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Adopting a kitten. Any Advice? Natural food/litter recommendations?

So, I may soon be sharing my home with a lovely little female kitten.  Growing up we never had a cat or dog (allergies), so my experience is limited to an iguana, gerbils, chicks and a ferret (all were beautiful creatures, just different from cats and dogs!  I did volunteer at the local shelter in junior/senior high, but still have no experience actually living with a cat).  As such I would like to be prepared before I bring the kitten home, and am hoping you might have a tip or two to share with me.  As it stands I live alone in a smallish one bedroom apartment (approx. 500 square feet), so I may need to get creative with my space, to accommodate things like a scratching post, litter box and eating area.  Please approach your replies as if you are speaking to someone who has NO experience with cats, I'll likely be ignorant to even the most seemingly self-evident detail and would appreciate the sharing of your superior feline knowledge/experiences!  ;)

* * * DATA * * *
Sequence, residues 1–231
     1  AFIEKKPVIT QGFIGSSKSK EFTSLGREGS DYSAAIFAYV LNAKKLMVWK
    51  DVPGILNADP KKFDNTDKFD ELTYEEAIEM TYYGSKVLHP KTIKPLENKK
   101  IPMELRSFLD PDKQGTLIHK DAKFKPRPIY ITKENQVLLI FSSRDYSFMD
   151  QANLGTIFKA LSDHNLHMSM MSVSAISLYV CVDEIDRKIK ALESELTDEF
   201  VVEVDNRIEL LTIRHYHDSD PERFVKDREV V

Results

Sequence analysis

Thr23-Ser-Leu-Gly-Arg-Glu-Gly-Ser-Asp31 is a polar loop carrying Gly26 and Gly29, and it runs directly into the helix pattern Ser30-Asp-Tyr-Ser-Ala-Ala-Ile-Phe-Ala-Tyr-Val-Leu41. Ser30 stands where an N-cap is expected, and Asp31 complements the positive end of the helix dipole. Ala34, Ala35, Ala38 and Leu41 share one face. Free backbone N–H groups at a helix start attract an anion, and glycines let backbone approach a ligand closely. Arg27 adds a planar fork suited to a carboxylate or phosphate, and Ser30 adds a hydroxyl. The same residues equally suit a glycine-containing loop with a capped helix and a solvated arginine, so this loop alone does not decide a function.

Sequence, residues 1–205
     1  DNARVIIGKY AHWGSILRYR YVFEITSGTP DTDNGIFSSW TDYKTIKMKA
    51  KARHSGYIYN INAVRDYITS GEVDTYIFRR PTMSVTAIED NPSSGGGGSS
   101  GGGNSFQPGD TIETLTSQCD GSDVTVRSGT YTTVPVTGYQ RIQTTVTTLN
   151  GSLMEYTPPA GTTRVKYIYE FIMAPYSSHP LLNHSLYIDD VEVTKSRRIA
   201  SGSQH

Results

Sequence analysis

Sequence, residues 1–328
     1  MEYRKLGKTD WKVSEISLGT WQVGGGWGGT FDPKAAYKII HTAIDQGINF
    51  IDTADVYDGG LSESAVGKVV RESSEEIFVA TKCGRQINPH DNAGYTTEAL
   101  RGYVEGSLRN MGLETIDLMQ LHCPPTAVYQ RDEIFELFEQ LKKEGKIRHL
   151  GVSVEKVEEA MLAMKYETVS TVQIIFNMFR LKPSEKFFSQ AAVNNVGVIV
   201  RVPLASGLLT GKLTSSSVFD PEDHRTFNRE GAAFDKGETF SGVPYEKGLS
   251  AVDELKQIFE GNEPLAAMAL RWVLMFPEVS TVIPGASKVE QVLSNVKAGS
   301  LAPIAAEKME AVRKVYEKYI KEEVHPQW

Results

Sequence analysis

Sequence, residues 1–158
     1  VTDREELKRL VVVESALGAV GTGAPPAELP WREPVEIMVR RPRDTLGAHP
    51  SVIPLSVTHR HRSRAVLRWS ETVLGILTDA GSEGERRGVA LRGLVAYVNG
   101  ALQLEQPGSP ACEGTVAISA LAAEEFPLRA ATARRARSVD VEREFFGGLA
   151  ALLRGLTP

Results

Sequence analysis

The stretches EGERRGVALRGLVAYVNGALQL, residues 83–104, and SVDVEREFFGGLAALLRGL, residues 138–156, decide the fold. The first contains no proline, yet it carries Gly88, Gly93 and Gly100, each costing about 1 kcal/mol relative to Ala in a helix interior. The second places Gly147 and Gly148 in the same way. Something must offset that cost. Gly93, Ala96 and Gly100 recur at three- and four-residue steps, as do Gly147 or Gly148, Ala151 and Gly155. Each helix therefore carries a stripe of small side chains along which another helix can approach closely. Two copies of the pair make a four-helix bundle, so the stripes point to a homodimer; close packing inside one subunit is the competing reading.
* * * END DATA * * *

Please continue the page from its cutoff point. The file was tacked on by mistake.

Thanks in advance!!

PS.  It would be lovely to learn what expenses I should expect to incur as well, if anyone has a figure or two they can lend.
PPS.  I'm excited! ;D

Evolution pet food is vegan and contains all of the nutrients cats need (including taurine).  Cats do not need meat to survive.  As long as you feed them a nutritionally dense food that meets all of their dietary requirements (which Evolution does) cats can and will live long lives as vegans.  For some additional perspectives on vegan cat food, you can check out this old vegweb post:

You offered perspectives on this type of diet for a carnivore, but I am genuinely curious as to whether you have found any hard scientific studies to support your statement that "Cats do not need meat to survive... cats can and will live long lives as vegans. "